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Dunkelflaute? Zombie Fires? New Issues and Words Used in the Climate Crisis

The climate crisis and the associated energy transition to renewables has brought about a new vocabulary for many. An early term was the abbreviation, F.U.D. or Fear, Uncertainty and Doubt. Some fossil fuel associated organizations, conservative think tanks, and others, support writers to publish articles trying to show the potential downside and problems with the transition to renewable energy. Of course, anything that slows up this energy transition is to their benefit.

One recent article told of the increased number of particles given off by the tires of 
an EV [electric vehicle] due to its increased weight. No data was given, nor any comparisons made, to amounts of particulates given off by large SUV’s or pickup trucks which are far heavier.

Other articles discuss the hazards of mining for lithium, used in EV batteries, but no 
parallel discussion for the large amount of iron ore and other metals needed for the manufacture of the motor used in fossil fuel vehicles.

And now, we have two more recent words to add to our energy/climate change 
discussion; dunkelflaute, in German which means “a dark lull.” This pertains to solar eclipses and the dimming and/or reduction of sunlight that affects electricity production from PV [photovoltaic] arrays of any size. A dimming will reduce electricity production for several minutes, or more, and could affect the grid which has to be kept in a supply and demand balance.

See the graphic [“Solar power supply during the eclipse in Germany – scenario for a 
sunny day”] from Hochschule fur Technik und Wirtschaft Berlin. The solar power generation starts off on the left in the early morning and increases until the eclipse starts. It then dips, and climbs again, as the eclipse passes and power generation resumes.

This is a real issue and Germany had an experience in 2015 with an eclipse that did 
result in a loss of PV power generation as shown here. At that time solar generatedabout 7% of the power mix. But these eclipse events are well known in advance and the grid operators studied the issue carefully.

They arranged for other alternate sources of power generation and got through the dunkelflaute without a problem. As the U.S. renewable power generation grows grid operators will have to adjust their power sources as well. The advent of cheaper and large storage batteries should make this easier to manage in the future.

And then of course we have “Zombie Fires” also called “overwintering fires” or 
“holdover fires.” Canada in 2023, had a record-breaking wildfire season. Indeed, thousands of fires burned tens of millions of acres with smoke clearly visible at times here in the North Country.

Smoke rises from a hot spot in the Swan Lake Fire scar at the Kenai National Wildlife Refuge in Alaska, June 16, 2020.

Even with snow cover, rainfall, and cold temperatures about 150 fires are still 
burning in the moss and peat across northern Canada and Alaska, ready to re-ignite again. Those fires are still smoldering or burning … underground. See photo of a hotspot in the Swan Lake Fire scar. Dan White/AlaskaHandout via Reuters.

With climate change, hot, dry, and windy conditions are likely to occur again and 
get the wildfire season off to an early start, according to a paper published by scientists from the group, World Weather Attribution.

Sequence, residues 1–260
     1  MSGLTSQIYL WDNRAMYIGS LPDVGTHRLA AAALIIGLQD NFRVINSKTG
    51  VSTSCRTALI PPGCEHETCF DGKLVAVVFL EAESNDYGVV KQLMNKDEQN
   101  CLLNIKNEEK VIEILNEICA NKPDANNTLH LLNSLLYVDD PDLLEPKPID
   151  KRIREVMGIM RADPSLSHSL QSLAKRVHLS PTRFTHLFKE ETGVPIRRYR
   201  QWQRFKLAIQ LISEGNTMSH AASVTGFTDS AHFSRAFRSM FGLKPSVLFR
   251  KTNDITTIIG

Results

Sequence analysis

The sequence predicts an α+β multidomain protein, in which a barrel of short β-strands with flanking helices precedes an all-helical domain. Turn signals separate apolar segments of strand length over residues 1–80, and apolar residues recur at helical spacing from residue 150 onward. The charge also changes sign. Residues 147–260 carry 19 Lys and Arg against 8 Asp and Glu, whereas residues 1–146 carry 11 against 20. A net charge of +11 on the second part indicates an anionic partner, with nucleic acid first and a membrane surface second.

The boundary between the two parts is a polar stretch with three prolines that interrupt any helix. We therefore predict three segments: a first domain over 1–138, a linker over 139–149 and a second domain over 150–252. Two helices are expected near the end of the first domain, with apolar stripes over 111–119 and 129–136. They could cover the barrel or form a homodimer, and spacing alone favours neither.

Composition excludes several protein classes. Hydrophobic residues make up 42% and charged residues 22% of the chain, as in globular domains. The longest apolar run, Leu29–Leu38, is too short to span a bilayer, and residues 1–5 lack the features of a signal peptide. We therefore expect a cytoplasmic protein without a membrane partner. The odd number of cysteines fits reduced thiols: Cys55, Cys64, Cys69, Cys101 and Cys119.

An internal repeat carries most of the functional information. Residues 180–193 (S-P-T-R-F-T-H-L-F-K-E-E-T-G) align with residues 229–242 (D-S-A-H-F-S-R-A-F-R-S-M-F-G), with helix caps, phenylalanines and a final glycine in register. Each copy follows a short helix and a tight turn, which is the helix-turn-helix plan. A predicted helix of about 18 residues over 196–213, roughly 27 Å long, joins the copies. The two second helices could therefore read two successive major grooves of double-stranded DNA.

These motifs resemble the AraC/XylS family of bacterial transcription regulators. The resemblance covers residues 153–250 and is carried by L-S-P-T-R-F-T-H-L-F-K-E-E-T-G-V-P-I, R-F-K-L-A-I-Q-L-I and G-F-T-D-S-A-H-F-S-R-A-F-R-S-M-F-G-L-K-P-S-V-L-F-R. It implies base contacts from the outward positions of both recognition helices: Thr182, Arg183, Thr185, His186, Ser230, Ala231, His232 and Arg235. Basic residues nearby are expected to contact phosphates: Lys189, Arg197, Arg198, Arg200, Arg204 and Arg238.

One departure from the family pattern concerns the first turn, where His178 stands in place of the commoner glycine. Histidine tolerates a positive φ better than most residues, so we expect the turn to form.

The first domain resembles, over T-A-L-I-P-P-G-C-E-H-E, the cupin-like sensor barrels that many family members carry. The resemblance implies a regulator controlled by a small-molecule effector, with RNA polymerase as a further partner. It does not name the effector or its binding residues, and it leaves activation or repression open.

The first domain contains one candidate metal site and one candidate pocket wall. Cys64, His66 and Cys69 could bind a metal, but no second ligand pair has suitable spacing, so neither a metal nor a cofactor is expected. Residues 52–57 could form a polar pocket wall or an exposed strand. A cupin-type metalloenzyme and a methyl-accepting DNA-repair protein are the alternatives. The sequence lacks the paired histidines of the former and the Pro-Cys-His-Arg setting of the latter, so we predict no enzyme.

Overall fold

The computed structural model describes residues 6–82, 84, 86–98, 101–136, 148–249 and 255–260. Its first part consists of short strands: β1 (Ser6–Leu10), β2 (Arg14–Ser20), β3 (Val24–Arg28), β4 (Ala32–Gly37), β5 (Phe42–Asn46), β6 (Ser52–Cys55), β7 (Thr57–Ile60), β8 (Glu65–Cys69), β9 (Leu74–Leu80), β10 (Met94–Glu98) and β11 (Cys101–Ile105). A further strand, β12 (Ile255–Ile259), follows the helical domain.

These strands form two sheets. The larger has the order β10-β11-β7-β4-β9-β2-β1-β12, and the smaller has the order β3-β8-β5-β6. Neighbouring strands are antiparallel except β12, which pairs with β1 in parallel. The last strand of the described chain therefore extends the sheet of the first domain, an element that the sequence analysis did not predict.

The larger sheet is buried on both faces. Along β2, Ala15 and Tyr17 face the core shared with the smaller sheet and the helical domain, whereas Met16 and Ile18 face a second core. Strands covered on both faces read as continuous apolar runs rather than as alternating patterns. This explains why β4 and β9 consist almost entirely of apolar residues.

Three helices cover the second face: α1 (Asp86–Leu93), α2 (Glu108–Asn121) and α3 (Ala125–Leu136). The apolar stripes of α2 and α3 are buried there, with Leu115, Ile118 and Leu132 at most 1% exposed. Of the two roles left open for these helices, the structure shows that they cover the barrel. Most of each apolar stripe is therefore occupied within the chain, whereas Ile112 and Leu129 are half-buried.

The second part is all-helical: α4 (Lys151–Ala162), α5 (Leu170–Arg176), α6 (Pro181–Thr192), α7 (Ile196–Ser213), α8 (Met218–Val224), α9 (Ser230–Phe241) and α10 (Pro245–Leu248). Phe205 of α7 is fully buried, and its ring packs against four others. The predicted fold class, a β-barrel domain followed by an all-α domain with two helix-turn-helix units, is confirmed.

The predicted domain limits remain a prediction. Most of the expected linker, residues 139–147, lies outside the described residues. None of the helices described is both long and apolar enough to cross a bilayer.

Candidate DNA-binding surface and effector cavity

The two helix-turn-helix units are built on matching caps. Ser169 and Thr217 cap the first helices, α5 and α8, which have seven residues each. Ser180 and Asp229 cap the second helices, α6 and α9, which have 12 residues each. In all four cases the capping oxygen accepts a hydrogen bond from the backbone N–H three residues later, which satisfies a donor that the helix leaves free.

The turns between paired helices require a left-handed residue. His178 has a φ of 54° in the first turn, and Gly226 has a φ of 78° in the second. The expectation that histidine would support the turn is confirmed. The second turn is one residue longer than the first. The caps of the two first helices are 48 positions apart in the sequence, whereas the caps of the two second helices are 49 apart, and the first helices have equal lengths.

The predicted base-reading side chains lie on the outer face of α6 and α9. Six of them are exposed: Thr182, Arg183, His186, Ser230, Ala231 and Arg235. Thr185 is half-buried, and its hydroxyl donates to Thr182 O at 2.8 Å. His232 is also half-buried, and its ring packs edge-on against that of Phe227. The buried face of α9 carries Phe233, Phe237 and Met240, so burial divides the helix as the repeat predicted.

We hear about the slowdown in EV sales in the U.S., still growing, but not as fast as 
in the last few years. In the U.K. and elsewhere in Europe, the same is true as sales continue to slowly increase, and the percentage of EV car registrations continues to grow. See the circular chart labeled “March 2024 UK Passenger Auto Registrations” by Max Holland published by CleanTechnica 4/06/24.

The battery EV [BEV] and the plugin hybrid EV [PHEV] combined account for almost 
one in four of new car registrations. Petrol, or gasoline, is still the largest segmentwith more than 50% of the total. The hybrid [HEV] EV and diesel-powered vehicles account for the rest.

And then we have an interesting bar chart from Bloomberg New Energy Finance 
[BNEF]. The title is “EVs are cleaner than gas-powered cars across the board.” There are five pairs of vertical bars with each pair shown by country of origin. The left bar of each pair is data on BEV [battery EV] and the right bar of each pair is for ICE [internal combustion engine]. The countries from left to right are China, Germany, Japan, UK, and the US.

The data in each bar include the “Lifetime CO2 [carbon dioxide] emissions for 
vehicles made in 2023, in metric tons.”

The darkest part at the bottom of all the bars are the CO2 emissions resulting from 
“Vehicle manufacturing.” The next lighter segment above, applies only for the BEVs, and are emissions associated with “Battery pack manufacturing.” And finally, the top lightest part of each vertical bar is for “Use” [about 150,000 miles].

According to this study, in all five country comparisons, EVs produce less CO2 than 

And finally, we have a recently published graph from NOAA [National Oceanic and 
Atmospheric Administration] and is titled “Great Lakes Average Ice Cover.” The left axis shows the historical ice cover in “percent,” and the bottom horizontal axis is “months,” i.e., December to June. The darker line in the center that rises slowly and then drops to zero is the 50-year historical average of ice cover. The lowest dark line shows a record low per cent of ice cover starting in February 2024.

Our fossil fuel energy transition to renewables cannot go fast enough.

And so it goes.

The scientific career of Raymond N. Johnson, Ph.D., spanned 30 years in research and development as an organic/analytical chemist. He is currently founder and director of the Institute of Climate Studies USA (www.ICSUSA.org). Climate Science is published monthly.